Both have similar cost of license fees and services revenue. BEAS has a lower General & Administration cost, as well as a lower Research & Development cost. HYSL's sales & marketing cost, however, is lower. Overall, I think they are neck-to-neck. BEAS has a higher operating margin, because it has a larger mix of license sales.
BEAS: Market capitalization $3.3B (6/15)
HYSL: Market capitalization $1.6B (6/15)
Fiscal Year (a) 2005 (b) 2004 2003 2002 2001 2000
Cost As % Of Revenue
   - License (c) 8.1% 9.0% 8.6% 3.5% 4.1% 2.2%
  5.5% 5.4% 7.3% 7.5% 6.9% 3.7%
   - Service (d) 32.4% 38.6% 42.6% 48.3% 57.6% 57.1%
  36.7% 38.8% 43.2% 46.2% 53.7% 56.5%
   - Sales & Marketing 37.6% 37.8% 39.5% 41.1% 40.9% 45.5%
  36.2% 36.3% 37.3% 37.0% 39.4% 37.9%
   - Research & Development 13.6% 13.9% 14.2% 12.4% 10.9% 13.1%
  15.4% 15.4% 14.5% 14.6% 15.5% 14.0%
   - General & Administration 8.4% 7.6% 8.2% 7.7% 7.0% 8.2%
  9.5% 10.3% 9.2% 13.2% 13.8% 8.8%
Operating Margin 18.1% 17.3% 14.3% (2.0%) 2.5% 0.1%
  12.3% 11% 9.9% 4.1% (10.4%) 7.7%
(a) The fiscal years of the two companies end 6 months apart.
(b) HYSL's numbers represent 3 quarters in FY2005
(c) Cost of license fees as a percentage of license fees
(d) Cost of services as a percentage of services revenue

Round 3: Financial

The financials of both companies are impeccable. Both have ample working capitals and high current ratios. HYSL has no long term debt, while BEAS has $780M debt. Both have bought back shares, but BEAS was more aggressive doing so, judging from its dwindling number of shares outstanding. HYSL's return on equity is only in the high single digit, returning some of its cash to shareholders would be a prudent thing to do. Although buying back its own shares is one way to benefit the shareholders, it may not yield the best return for shareholders. The company is keeping its war chest tight most likely to jump at strategic acquisitions, the only clear way it has to spur its growth.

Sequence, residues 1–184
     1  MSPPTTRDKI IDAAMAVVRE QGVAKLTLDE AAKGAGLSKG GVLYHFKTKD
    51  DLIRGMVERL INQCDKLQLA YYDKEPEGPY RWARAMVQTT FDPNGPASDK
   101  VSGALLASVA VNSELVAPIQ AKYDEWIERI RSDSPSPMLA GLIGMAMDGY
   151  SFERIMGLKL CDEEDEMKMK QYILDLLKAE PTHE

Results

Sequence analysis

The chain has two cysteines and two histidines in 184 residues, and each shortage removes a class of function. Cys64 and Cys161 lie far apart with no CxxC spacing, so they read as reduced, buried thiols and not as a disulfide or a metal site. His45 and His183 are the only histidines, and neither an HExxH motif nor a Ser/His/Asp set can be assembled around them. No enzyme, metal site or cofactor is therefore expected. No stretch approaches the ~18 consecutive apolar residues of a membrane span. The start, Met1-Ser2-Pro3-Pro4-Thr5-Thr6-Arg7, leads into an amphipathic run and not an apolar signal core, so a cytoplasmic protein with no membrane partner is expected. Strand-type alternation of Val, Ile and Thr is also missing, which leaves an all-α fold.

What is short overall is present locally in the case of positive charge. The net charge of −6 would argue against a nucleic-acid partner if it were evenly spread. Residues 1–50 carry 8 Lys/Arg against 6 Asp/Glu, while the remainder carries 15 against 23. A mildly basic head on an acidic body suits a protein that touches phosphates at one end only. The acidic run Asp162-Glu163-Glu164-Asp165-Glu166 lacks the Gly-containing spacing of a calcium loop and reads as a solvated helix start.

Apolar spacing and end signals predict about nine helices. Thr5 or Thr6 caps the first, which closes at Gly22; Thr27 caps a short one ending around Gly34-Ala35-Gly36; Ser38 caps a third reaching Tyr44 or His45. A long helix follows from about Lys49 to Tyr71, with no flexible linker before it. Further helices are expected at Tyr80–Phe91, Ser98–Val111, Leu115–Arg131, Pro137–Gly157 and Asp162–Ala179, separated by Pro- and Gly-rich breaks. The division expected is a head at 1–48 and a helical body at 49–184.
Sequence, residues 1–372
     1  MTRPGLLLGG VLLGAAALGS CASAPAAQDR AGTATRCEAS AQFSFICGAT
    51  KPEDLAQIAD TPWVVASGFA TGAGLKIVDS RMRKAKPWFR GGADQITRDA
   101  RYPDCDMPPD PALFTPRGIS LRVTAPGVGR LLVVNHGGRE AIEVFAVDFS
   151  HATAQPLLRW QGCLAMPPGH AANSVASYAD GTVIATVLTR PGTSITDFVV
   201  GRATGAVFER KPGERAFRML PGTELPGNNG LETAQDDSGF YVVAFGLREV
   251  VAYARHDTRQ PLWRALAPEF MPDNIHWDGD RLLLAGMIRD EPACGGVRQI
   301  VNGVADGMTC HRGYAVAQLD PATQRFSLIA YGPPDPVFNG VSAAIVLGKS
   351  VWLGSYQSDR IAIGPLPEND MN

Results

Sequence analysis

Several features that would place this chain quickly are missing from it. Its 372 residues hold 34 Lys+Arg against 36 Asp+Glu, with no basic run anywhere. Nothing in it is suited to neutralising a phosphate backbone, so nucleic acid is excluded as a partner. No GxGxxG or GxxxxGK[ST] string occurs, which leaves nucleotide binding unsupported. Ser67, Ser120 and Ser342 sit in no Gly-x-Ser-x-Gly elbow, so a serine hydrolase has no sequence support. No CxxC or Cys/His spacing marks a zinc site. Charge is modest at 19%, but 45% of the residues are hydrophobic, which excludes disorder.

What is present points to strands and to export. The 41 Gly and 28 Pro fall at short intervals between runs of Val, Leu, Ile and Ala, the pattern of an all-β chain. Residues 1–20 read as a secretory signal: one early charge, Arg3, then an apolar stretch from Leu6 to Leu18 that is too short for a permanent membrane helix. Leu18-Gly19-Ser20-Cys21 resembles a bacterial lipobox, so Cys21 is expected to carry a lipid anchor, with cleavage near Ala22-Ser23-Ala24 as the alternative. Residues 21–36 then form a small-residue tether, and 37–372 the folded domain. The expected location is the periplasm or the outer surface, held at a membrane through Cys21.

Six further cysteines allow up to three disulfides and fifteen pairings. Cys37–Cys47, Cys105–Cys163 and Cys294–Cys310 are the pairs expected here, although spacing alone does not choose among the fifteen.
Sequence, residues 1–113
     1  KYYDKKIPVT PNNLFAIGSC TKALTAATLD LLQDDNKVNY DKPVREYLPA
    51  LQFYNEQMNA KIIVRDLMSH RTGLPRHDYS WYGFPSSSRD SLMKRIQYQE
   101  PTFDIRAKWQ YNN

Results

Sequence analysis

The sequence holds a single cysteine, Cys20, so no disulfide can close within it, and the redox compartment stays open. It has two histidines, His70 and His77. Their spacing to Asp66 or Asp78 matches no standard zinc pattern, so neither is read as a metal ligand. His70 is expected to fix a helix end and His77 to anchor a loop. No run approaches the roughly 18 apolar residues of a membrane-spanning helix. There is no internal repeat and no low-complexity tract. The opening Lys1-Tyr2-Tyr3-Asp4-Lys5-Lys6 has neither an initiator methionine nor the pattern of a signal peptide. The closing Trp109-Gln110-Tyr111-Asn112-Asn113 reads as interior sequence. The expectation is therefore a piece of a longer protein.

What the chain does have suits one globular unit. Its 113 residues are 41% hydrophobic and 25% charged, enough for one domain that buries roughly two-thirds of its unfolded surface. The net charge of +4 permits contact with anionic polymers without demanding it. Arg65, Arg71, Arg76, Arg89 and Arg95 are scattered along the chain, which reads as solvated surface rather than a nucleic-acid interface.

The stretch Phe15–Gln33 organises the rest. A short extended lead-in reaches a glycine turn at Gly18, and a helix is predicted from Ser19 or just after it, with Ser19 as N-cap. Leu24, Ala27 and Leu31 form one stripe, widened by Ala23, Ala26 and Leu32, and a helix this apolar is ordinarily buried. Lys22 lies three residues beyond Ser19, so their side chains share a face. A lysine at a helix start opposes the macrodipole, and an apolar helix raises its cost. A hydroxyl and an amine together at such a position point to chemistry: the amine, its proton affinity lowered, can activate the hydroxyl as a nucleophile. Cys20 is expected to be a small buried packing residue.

BEAS, on the other hand, is investing in its products. It enjoys a decent double digit rate of return on equity. That is why it boosted its capital by borrowing more money at low costs (4%), even though it is not short of capital. Given the ROE, it also makes good shareholders' sense for BEAS to buy back shares.

Clearly their balance books reflected their respective stages in the company lifecycles. I give one slight edge to BEAS.

BEAS: Market capitalization $3.3B (6/15)
HYSL: Market capitalization $1.6B (6/15)
Fiscal Year (a) 2005 (b) 2004 2003 2002 2001 2000
Net Income ($Million) 131 119 84 (36) 17 (20)
  47 44 34 15 (31) 29
Owner's Earning ($Million) 143 124 82 (21) (13) 15
  42 45 34 3    
Cash ($Million) 1,608 1,467 1,266 1,027 941 801
  427 368 417 330 255 295
Long Term Debt ($Million) 780 753 554 553 564 578
  0 0 50 81 91 103
Shareholders' Equity ($Million) 1,033 970 806 674 606 445
  589 520 397 300 267 310
Return On Equity 12.7% 12.3% 10.4% (5.3%) 2.8% (4.5%)
  7.1% 8.5% 8.6% 5.0% (11.6%) 9.4%
# Of Diluted Shares (Million) 416 421 419 396 377 311
  41.9 39.8 35.7 33.5 32.6 33.1
(a) The fiscal years of the two companies end 6 months apart.
(b) HYSL's numbers represent 3 quarters in FY2005

Round 4: Valuation

Neither company is cheap. BEAS is trading at 23 times owners' earning. HYSL is trading at upper twenties (based on an extrapolation of 3 quarters' result to a full year). Looking at my Discount Cash Flow valuemeter, BEAS growing at 15% for 5 years and 3% (inflation) thereafter would yield a fair value of 21 times owner's earning if I expect a market average return of 12%. HYSL's recent spurious growth was mainly fueled by acquisition. It is dubious that such a growth can go on for the long run. Even if it is, the share dilution accompanying acquisitions makes their benefits to shareholders questionable. Therefore, on valuation basis, I consider HYSL more expensive.

The Winner

BEA Systems emerges as the clear winner of the duel. However, neither BEAS nor HYSL appears as a good value at their current prices. They are strong companies that happened to be selling at a full or premium price.

Sheldon Shi, Ph.D., editor of Buffetteer.com, a site for intelligent investors.


Rating: 2.0/5 (7 votes)